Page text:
Lewes [pronounced Lou-is, like the town in England] is a beach town in Delaware. At first it was a ship town and a fishing town. And today it still is a fishing town a little bit. But mostly it is a beach and tourist town now, and a very historical one at that. If you’re from the East Coast in America you’re probably more familiar, at least in name, with its louder and flashier neighbor Rehoboth Beach.
Rehoboth has the boardwalk but Lewes has the history. They’re worked hard at preserving their historical properties and houses there. And they have printed “The First Town in The First State” on nearly everything (if you’re unfamiliar with American history, Delaware was the first official state but not the first part of America settled by Europeans. Still, it made me wonder how Lewes was settled and for that we need to go back to the 1600’s…if you’re European that’s not so long ago but for Americans that’s old!
In January of 1633 a small Dutch ship arrived on the Christina River.* On board was a Dutch sea captain and experienced soldier, David de Vries. De Vries’ job was to oversee a brand new colony on the Delaware River the Dutch had named Swanendael (now Lewes), named for the fat swans around the area.
*There are two ways to pronounce this. It was originally Christina [Chris-tina] but somehow over the years became [Christy-anna]. When the Swedish royalty came to Delaware a few years ago for the anniversary of settling the area the local politicians tried to get everyone to return to the original, and now obsolete pronunciation, because it had been named for the Swedish queen at the time. Anyway, it never really took but occasionally you’ll hear it said like the original name [Chris-tina].
The area had been claimed by the Dutch Republic and Swanendael was to be their whaling outpost for the Dutch West India Company.
Five years later the Dutch’s rivals, the Swedes, would make their first permanent settlement in the New World not far from where De Vries was now settling. But that wasn’t his problem yet; instead, the British were. The Brits were attempting to extend their territories from Virginia where they’d settled Jamestown 26 years before.
You’d think with the British problem and the Swedish one on the horizon that de Vries had his hands full. Swanendael had only recently been established and settled by 28 people, he now had to handle their rivals, place new colonists there and oversee the entire settlement. Some accounts say de Vries received word that there had been an Indian massacre in the new settlement when he first landed in New York, others say he’d known since before he’d left Europe.
Either way, he sailed immediately to assess the damage for his own eyes and hoped to speak to any survivors and find that the news had been exaggerated. When he arrived he found the settlement completely burned, everyone massacred and the settlers bones and skulls bleaching in the field where they’d be slaughtered while hoeing tobacco and grain. In a way he had just met his new biggest problems: warring Indian tribes.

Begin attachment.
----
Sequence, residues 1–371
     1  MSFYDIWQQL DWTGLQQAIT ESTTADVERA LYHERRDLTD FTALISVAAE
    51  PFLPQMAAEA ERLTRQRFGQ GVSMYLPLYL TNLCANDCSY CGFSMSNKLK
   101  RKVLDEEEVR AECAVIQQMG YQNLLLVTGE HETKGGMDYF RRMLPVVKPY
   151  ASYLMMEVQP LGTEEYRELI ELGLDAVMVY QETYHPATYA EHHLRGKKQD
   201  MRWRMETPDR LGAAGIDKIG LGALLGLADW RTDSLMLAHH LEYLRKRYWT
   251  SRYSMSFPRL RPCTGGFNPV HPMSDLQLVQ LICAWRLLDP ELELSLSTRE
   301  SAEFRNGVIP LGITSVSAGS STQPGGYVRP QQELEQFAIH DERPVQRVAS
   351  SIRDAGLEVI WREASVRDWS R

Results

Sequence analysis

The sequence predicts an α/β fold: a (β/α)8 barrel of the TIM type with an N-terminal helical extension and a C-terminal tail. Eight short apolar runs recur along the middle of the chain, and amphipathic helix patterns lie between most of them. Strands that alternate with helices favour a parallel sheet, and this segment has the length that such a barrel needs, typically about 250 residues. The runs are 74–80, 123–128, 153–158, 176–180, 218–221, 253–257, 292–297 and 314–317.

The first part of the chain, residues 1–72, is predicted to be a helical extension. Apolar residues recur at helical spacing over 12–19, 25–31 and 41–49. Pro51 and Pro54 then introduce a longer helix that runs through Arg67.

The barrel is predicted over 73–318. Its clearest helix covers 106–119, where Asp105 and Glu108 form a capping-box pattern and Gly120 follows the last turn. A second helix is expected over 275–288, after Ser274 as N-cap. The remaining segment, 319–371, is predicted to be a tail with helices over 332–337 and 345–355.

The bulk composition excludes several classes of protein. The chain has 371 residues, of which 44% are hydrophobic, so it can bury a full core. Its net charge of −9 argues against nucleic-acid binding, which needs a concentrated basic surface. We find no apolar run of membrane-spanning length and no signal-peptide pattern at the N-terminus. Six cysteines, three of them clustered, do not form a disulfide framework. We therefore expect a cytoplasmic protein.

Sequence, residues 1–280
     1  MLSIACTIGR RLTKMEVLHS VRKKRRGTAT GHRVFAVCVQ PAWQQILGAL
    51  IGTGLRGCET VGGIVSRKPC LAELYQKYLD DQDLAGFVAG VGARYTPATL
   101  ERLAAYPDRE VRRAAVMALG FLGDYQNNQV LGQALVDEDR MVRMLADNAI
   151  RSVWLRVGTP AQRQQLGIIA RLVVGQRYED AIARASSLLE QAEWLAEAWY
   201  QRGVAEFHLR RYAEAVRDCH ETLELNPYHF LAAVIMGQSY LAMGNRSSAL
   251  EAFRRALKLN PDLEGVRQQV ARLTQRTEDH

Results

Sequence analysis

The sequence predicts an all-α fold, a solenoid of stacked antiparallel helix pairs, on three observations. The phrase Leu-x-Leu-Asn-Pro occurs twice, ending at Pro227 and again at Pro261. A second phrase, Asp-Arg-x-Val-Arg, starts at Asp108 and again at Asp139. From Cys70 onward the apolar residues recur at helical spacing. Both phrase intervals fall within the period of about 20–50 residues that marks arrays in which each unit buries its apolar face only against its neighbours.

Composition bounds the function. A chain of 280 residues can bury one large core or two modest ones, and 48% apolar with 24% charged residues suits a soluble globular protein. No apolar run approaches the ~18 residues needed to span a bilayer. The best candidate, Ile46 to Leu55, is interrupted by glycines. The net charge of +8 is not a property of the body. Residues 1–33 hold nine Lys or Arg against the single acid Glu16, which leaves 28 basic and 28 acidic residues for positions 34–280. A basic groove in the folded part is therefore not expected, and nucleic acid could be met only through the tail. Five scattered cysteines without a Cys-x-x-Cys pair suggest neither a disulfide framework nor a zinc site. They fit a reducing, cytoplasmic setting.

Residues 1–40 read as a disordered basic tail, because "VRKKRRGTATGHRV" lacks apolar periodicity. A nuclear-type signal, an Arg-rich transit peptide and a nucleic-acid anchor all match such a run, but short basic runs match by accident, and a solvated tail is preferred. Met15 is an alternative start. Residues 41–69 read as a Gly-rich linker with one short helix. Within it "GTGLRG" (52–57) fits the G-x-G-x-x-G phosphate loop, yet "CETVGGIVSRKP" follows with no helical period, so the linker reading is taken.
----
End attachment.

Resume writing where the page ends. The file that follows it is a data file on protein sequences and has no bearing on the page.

The reason for the massacre is not known for sure because there were no survivors but other local Indians told de Vries that the event had been triggered by a disagreement. An Indian(account differ here too as to which tribe he came from) had stolen a coat of arms from the Dutch. While the Dutch were angry they were horrified when the Indian’s severed head was presented to them by his tribe who had killed him for his crime. The Dutch had been rude according to the tribe in not being pleased with their justice and the slain Indian’s friends were not happy that he had been killed. With tempers high they organized the massacre in revenge.
After this discovery, the Dutch spent weeks sailing the Delaware River looking for food supplies, especially corn and beans, from any Indians who would engage with them. He attributed the massacre to the settlers botched contact with the Indians. A few times de Vries narrowly escaped being killed as he sought food. The Lenape Indians of the area were terrified of the Minquas who had sent war parties against them and were actually the tribe that had massacred the Swanendael settlers. During this wartime, the Lenape had no food to give the Dutch. The Minquas had already burned their houses and crops down too.
Eventually de Vries was forced to travel to Virginia to buy supplies from his rivals, the British, so that he could travel back home to Holland. Not one to be put off by failure, de Vries returned to America and established a settlement in New York (which is Staten Island now). In the mid-1640’s he returned to Holland for good but you can see his statue on top of the Zwaanendael Museum in Lewes today (the building was built on the 300th anniversary of the settlement as part of the New Deal programs during the Great Depression and is modeled after the a city hall in the Netherlands). If I hadn’t lost all of my pictures from Lewes we could see it closer but you can make out where it is in the one photo I still have of the museum.